Imposing a Price on Carbon.  Instead of such a short-term response acknowledging our dependence, strategically the appropriate response would be to adopt a rigorous, substantive energy policy that would reduce our dependence on fossil fuels, including imported crude oil.  In the New York Times of April 28, 2011,  Dan Esty, the Commissioner of the Department of Environmental Protection of the American state of Connecticut, and Michael E. Porter, a professor at Harvard University’s Business School, propose an economy-wide price on carbon, starting initially at a low rate but increasing over time to a more significant value.  In 2012 the price is proposed to be $5/ton of greenhouse gases emitted, reaching $100/ton by 2032.  By way of reference, for gasoline this would correspond to an increase of $0.043 per gallon in 2012, becoming an increase of $0.87 per gallon by 2032 (based on calculations that appeared in an early post on this blog).  Comm. Esty and Prof. Porter point out that the initial burden on consumers and businesses as shown here would be almost negligible. 

As noted, the carbon price is envisioned to apply on all forms of fossil fuels, being assessed, for example, on the basis of flue discharges of greenhouse gases at large scale generating plants, and on the basis of gallons of fuel delivered for motor vehicle fuels; likewise natural gas delivery would also be assessed.  As the charge increases, it would promote behaviors that lead to increased competitiveness and innovation.

Carbon Pricing in Other Regions of the World. The authors note that a carbon tax on fossil fuels already figures prominently in other areas of the world.  Europe has had a cap-and-trade regime governing fossil fuel use, first imposed as the nations of Europe joined the Kyoto Protocol of 1997.  In 2011 the European Union issued a long-term energy policy, according to which the member states pledge to reduce greenhouse gas emissions by 80% to 95% below 1990 levels by 2050.  Second, although China, being a developing country, is excluded from coverage under the Kyoto Protocol, in its 12th Five Year Plan for the years 2011-2015 it is closing its most inefficient coal-fired electricity plants.  It is also drastically increasing its use of renewable or alternative energy sources.  Additionally China is putting a small number of local cap-and-trade markets in place as pilot projects.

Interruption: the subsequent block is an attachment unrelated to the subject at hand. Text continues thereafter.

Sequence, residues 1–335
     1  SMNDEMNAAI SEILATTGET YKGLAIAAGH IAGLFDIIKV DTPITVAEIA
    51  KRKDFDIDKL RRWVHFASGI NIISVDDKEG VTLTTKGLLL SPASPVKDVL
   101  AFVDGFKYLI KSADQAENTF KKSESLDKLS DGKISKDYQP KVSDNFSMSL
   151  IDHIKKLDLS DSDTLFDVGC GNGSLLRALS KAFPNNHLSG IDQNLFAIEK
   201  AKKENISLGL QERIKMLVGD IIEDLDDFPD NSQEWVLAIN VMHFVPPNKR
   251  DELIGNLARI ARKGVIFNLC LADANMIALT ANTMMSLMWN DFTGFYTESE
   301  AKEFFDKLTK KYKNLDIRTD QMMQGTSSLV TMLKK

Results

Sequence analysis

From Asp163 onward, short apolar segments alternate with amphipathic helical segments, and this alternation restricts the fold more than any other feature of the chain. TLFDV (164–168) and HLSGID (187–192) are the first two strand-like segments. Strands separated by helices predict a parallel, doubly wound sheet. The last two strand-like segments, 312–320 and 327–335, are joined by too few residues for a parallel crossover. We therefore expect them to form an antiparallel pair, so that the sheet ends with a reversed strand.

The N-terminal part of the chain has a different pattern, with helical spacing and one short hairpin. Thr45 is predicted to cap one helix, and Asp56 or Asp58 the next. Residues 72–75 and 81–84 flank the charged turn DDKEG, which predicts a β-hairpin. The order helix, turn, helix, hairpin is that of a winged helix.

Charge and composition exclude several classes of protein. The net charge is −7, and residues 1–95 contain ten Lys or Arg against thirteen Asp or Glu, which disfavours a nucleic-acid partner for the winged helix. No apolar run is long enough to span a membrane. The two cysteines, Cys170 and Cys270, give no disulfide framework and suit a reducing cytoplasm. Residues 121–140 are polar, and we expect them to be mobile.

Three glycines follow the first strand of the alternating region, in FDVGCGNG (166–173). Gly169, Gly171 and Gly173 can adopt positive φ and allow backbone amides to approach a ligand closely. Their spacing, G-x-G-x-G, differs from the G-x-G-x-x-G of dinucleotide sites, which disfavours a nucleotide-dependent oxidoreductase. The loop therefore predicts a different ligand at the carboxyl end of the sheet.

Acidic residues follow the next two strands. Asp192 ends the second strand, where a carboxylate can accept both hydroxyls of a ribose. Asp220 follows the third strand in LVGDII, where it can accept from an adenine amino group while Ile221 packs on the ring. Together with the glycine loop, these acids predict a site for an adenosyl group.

Regional Greenhouse Gas Accords in North America.  Energy policy is highly politicized in the United States.  Since the U. S. has failed to develop a single nation-wide policy, three regional greenhouse gas agreements have been adopted among various American states and Canadian provinces—the Western Climate Initiative, the Midwest Greenhouse Gas Reduction Accord, and the New England and mid-Atlantic Regional Greenhouse Gas Initiative.  These programs have levels of coverage and differing terms duration.  Being agreements between sovereign states and provinces, actual implementation requires that each participating state or province pass its own legislation in order to put the terms of the agreement in force.  These factors obviously render compliance complicated and regionally inconsistent.  Commercial and industrial activity is impeded by not having a single national policy covering the countries in question.

Conclusion.  Commissioner Esty and Professor Porter recommend that the U. S. put in place a price on carbon, starting in 2012 at a very low level, and ramping up to a more significant price over 20 years.  They point out that this would affect consumer behavior in a way that would lead to greater energy efficiency and development of alternative energy sources.  The U. S. currently has no national energy policy.  This proposal would be a good start to putting one in place. 

© 2011 Henry Auer